Multinational Corporations

A multinational corporation is essentially a business or company that operates in one or several countries other than the country it is managed from. Generally, any company that derives a quarter or more of its revenue from operating outside of its home country is considered a multinational corporation.

According to UN data, some 35,000 companies have direct investment in foreign countries, and the largest 100 of them control about 40% of world trade.

Multinational corporations have three stages of growth:
1. Export Stage- The company establishes initial inquiries and expands its export sales
2. Foreign Production Stage- the company chooses foreign production as a method of delivering goods to foreign markets
3. Multinational Stage- the company becomes a multinational corporation and finds the best foreign locations for planning, organizing, financing, and production.

There are benefits to the existence of multinational corporations, as they help provide jobs and
wealth to communities around the world. Investment by these companies provide foreign currency to developing economies. Most multinational corporations have large sizes and scales of operation, enabling them to benefit from economies of scale and lower the average costs and prices to consumers.

While multinational corporations bring jobs and a source of income to communities, there are many criticisms of these companies. They are often most interested in making a profit, even at the expense of the consumer. In order to make the best profit, they have monopoly power over the industry. Because they are so large and have a strong hold over the markets, multinational corporations often run smaller, family-run or local firms out of business because they simply cannot compete with large market prices. An example is the presence of a Starbucks in a small town. Smaller locally-owned coffee shops cannot compete with the prices and market dominance a Starbucks has, which results in the smaller shop going out of business and less diversity in the market overall.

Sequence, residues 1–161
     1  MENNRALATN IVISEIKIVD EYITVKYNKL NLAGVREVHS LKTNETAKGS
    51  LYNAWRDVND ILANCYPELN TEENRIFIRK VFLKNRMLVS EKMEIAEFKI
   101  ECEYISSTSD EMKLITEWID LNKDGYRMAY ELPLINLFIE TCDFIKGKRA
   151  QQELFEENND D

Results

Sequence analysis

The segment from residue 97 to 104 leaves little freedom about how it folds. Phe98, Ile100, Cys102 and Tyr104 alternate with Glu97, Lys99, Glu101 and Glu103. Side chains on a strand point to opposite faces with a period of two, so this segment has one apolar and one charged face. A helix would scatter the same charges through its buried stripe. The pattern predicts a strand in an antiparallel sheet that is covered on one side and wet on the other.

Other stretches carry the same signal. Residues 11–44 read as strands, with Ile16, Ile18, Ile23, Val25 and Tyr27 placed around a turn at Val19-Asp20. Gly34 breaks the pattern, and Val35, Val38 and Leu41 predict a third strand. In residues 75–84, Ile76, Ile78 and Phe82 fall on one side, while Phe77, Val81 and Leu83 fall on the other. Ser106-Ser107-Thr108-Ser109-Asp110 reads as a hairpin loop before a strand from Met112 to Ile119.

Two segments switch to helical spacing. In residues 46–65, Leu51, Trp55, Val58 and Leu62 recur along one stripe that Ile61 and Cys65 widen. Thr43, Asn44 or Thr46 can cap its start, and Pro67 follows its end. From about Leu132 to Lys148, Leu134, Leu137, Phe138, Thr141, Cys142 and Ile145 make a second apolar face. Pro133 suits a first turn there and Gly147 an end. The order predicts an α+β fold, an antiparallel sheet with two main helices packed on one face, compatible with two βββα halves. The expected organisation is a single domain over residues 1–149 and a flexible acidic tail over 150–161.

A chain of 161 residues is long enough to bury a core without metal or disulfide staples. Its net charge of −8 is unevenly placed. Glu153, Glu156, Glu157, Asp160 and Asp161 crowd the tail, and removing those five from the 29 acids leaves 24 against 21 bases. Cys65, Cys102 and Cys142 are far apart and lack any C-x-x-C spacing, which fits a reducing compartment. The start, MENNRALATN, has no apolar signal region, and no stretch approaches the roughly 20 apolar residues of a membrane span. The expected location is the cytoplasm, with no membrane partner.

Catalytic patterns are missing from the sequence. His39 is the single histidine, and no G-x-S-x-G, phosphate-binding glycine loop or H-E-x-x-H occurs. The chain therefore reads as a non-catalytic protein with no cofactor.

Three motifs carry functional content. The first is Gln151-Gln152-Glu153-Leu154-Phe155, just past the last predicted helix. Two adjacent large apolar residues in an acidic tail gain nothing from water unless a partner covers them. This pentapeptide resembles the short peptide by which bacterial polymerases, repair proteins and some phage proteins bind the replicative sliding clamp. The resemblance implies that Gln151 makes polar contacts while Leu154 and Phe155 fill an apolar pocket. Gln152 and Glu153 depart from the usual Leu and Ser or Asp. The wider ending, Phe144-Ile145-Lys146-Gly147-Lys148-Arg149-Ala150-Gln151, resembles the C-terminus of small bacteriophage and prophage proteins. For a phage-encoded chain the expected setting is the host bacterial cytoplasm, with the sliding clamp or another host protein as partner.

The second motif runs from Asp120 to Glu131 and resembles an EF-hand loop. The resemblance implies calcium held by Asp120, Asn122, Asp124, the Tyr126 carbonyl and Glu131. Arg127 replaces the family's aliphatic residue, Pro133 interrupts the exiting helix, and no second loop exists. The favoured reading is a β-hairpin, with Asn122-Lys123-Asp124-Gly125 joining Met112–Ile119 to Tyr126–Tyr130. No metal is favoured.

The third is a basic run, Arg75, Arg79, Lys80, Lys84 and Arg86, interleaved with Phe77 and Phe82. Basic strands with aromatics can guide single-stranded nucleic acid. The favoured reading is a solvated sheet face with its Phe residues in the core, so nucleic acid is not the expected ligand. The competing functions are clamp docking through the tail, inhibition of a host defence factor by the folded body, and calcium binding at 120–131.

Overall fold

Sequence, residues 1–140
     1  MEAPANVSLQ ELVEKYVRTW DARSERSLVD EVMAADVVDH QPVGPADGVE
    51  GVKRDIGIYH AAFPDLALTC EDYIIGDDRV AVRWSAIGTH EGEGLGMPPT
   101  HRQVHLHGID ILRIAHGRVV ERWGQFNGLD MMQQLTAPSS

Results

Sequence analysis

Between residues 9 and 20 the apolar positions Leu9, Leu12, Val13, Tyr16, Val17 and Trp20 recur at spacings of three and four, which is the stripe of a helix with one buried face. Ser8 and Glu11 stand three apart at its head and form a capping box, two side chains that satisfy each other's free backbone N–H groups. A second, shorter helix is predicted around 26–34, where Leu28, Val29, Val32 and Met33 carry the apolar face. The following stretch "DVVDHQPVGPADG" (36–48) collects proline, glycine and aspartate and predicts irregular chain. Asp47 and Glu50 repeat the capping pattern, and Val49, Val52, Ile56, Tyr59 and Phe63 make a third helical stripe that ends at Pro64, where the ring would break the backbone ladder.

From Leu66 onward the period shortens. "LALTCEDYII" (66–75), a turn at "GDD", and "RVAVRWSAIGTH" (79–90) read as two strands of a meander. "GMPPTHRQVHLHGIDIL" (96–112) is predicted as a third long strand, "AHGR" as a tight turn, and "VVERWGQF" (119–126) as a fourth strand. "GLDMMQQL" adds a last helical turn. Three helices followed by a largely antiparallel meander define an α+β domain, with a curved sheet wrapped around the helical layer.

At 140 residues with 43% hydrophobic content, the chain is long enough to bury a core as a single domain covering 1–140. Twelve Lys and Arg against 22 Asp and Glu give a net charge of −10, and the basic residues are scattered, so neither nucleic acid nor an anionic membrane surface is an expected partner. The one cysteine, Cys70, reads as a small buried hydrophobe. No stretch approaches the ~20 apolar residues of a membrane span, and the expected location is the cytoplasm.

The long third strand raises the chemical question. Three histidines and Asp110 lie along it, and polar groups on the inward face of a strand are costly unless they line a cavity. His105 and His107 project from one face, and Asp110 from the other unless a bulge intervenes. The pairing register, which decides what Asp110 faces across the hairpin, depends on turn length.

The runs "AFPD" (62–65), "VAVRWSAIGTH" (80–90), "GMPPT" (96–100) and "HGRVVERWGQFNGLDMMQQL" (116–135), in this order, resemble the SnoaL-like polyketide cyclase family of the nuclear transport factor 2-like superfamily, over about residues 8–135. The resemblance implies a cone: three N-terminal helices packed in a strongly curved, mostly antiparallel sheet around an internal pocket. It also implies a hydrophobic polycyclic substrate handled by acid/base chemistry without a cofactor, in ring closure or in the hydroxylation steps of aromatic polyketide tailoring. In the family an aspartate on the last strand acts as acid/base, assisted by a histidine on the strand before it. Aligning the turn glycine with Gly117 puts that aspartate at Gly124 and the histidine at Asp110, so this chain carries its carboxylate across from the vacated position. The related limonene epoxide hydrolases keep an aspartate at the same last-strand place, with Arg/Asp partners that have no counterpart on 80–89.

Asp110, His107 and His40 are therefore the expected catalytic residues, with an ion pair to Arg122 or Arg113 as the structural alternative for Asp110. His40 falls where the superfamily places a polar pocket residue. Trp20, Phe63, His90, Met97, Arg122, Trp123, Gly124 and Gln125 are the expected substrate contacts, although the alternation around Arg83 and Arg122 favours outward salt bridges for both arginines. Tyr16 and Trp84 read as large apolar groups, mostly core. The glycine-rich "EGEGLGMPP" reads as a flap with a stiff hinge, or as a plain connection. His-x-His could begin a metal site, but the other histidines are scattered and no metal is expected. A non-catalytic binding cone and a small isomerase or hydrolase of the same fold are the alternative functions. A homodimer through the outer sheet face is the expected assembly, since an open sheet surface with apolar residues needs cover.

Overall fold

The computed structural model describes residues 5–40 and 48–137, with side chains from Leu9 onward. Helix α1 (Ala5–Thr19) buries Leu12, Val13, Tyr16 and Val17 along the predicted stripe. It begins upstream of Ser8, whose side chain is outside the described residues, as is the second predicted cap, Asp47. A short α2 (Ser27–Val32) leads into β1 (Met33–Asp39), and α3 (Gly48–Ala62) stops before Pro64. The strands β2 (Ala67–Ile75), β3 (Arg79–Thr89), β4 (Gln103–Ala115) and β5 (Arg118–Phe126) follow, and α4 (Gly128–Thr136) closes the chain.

Multinational corporations often ignore environmental laws and regulations, or choose foreign locations that do not have strict environmental policies. These large corporations contribute to pollution and mass use of non-renewable resources.
One of the biggest complaints against multinational corporations is the idea that they use “slave labor,” or workers who are paid an extremely small amount by Western standards, to run their shops and factories.

An article about globalization from The Economist, states that “multinationals pay sweatshop wages to their workers in developing countries. Regulation forcing them to pay higher wages is demanded…The NGOs, the reformed multinationals and enlightened rich-country governments propose tough rules on third-world factory wages, back up by trade barriers to keep out imports from countries that do not comply…the third-world workers displaced from locally owned factories explain to their children why the West’s new deal for the victims of capitalism requires them to starve.”

Multinational corporations bring jobs to developing communities, but they also cause the displacement of people from their homes and jobs to accommodate their facilities. They are seen as both a measure for progress and a step in the wrong direction at the same time, all depending on who is doing the measuring.

-Rachel Atkins

Multinational Corporations: Good or Bad?


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